Over the past few weeks we have seen children who are killed, deciders who have deceived and the rest of the world get herded into divided pastures by the sound of a voice singing a familiar tune that was eerily similar, but not quite exactly as they remember.  What we know to be true has been replaced with a false reality.  That is the main point I want to talk about:  reality.  When we were not looking, our realities had been taken away. They were then given to others who replaced them with their own versions of reality and telling us “this is reality” rather than finding it out for ourselves.  Rather than seeing only one reality, we are given several different ones, claiming to be the only one.  These realities, while numerous, are generally shown only two ways:  signs and wisdom.  We all want proof that the direction we are going is the right one.  So, those who hold this new reality will give it out in one form or another, but they all boil down to signs and wisdom.

            This problem is not just our problem. They are also displayed in the Scriptures, as well.  Last week, we saw the Signs from God in the saving of Isaac.  We heard Jesus being transfigured in front of Peter, James and John.  In the search for wisdom, we hear today from the Book of Exodus the first time God’s Commandments were proclaimed.  And when we read from the Gospel of Matthew, there is one phrase that is interspersed throughout:  “This happened to fulfill what was spoken through the Prophet.” 

            Paul recognized this conflict when he wrote to the Church in Corinth:  “(The) Jews demand signs and the Greeks look for wisdom.”  We look for God in our own way, kind of like us doing something with our right hand or left hand.  But when we only search for God in only one way, our discovery is well short of the true reality.  So, after Jesus tossed the money changers and animal sellers out of the Temple, the Jews demanded a sign.  Jesus told them, “Destroy this temple, and in three days I will raise it up.”  Now, do you think what Jesus said was sign or was it wisdom?  To the Jews in the Temple, it was sign.  To those who read the story later, it was wisdom.  When John proclaimed this story in his Gospel, he revealed the meaning of Christ’s words:  “When he was raised from the dead, (Jesus’) disciples remembered that he said this, and they came to believe the Scriptures and the word Jesus had spoken.”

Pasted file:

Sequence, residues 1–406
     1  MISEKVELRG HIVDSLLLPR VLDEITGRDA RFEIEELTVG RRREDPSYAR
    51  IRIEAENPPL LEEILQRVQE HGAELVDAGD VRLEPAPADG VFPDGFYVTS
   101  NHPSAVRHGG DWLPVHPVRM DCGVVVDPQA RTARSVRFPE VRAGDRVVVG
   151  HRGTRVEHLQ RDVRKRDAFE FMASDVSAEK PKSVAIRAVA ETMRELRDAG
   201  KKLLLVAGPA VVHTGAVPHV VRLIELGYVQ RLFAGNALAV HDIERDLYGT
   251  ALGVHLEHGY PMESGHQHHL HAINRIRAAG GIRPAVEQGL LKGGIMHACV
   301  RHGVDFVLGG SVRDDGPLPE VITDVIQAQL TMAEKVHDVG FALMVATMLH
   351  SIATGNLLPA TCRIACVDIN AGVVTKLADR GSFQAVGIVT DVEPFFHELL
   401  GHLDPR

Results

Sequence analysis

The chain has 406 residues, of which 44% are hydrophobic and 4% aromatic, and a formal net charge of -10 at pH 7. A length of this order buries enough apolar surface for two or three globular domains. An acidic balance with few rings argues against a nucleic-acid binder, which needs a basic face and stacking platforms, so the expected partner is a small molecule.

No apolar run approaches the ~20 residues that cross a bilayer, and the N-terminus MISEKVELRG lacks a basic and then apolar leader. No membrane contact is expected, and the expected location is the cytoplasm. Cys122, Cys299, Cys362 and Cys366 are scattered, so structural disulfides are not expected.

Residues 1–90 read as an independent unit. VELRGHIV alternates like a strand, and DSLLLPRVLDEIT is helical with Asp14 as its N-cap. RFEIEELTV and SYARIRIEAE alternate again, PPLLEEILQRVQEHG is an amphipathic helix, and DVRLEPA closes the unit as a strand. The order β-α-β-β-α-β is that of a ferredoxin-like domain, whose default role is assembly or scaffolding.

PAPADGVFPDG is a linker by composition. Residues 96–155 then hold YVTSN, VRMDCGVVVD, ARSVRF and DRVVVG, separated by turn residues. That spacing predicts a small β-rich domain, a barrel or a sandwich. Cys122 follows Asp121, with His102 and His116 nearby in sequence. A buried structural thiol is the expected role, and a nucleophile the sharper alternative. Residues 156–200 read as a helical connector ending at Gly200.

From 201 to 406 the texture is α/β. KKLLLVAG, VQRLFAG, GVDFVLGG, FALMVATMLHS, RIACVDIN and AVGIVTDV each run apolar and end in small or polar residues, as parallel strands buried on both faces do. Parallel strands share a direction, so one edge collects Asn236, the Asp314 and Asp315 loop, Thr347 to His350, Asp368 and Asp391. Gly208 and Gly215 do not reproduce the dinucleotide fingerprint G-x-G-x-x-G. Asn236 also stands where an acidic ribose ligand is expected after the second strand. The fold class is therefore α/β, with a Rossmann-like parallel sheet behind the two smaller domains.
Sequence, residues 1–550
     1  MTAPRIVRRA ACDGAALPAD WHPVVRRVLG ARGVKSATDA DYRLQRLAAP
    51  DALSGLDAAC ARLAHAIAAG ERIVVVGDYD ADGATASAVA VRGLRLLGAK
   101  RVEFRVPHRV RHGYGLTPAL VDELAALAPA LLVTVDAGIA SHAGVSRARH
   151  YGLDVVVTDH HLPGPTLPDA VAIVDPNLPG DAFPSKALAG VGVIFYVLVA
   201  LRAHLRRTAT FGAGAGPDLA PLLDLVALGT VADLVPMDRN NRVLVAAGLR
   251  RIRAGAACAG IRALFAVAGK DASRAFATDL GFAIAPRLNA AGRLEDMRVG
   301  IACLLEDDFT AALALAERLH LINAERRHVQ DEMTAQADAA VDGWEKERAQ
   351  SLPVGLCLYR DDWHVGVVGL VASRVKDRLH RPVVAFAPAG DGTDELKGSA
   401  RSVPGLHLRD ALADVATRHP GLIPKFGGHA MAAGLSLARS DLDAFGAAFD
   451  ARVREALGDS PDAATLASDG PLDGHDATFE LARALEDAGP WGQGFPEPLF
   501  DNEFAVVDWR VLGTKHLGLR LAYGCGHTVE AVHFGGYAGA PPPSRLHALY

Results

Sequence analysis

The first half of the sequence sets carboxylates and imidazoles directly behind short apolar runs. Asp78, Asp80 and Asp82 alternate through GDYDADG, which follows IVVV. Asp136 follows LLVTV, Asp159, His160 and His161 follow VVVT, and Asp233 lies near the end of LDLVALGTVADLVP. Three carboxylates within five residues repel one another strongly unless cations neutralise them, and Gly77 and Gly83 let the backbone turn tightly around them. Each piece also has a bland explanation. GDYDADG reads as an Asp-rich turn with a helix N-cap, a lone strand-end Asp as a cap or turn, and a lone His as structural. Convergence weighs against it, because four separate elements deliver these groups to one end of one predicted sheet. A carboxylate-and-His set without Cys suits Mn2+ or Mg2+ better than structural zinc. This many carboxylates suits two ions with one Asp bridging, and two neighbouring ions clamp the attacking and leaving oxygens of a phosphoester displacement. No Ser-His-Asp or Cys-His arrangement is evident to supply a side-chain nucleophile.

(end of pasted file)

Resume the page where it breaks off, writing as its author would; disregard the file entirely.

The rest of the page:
So, did Jesus give a sign, or did he proclaim wisdom?  I hope you think by now that what Jesus gave was both.  Paul says so in today’s reading.  Prior to this section that we heard, Paul concerned himself with those other prophets who were confusing the Church in Corinth.  Paul reminds them of his mission.  A mission that comes from the one thing that confounds us all:  The Crucifixion.  Paul says “We proclaim Christ crucified a stumbling block to Jews and foolishness to Gentiles.”  It is from this form of execution, this act of humiliation that would be the focus of our salvation.

            It is a question we ask of us today?  Why do we display the crucifix instead of just a cross?  The cross is only a sign of the resurrection.  The corpus (the body on the cross) is the wisdom of his sacrifice.  By having both together, sign and wisdom are now one.  It is no longer a symbol or an image.  It is the Paschal Mystery:  The life, death and resurrection of Jesus which is present in the Eucharist.  Each time we present ourselves for communion, or sit in the presence of the Blessed Sacrament, we move beyond the signs, the wisdom, and the factions; in fact, we move beyond everything that is on earth that keeps us from the reality which is God’s love for us.

            God’s reality is not humanity’s.  As Paul reminds us “… (T)he foolishness of God is wiser than human wisdom, and the weakness of God is stronger than human strength.”  When we forgo human associations and instead stay focused on God, all divisions will cease.  During this Lenten Season, now is the time for us to focus on moving beyond our divisions and embrace our connection to God and his Church.  It can be especially hard to do that, considering we are heading towards the upcoming Primaries, but this is the best time for us to set this example to our families, our friends and even ourselves.  Let today be the start of our moving forward toward the true reality that is God’s love and mercy toward us and his creation.


To move through Lent requires a sense of stability

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Readings:  Gen. 9:8-15/1Peter 3:18-22

Psalm:  25:4-9

Gospel:  Mk. 1:12-15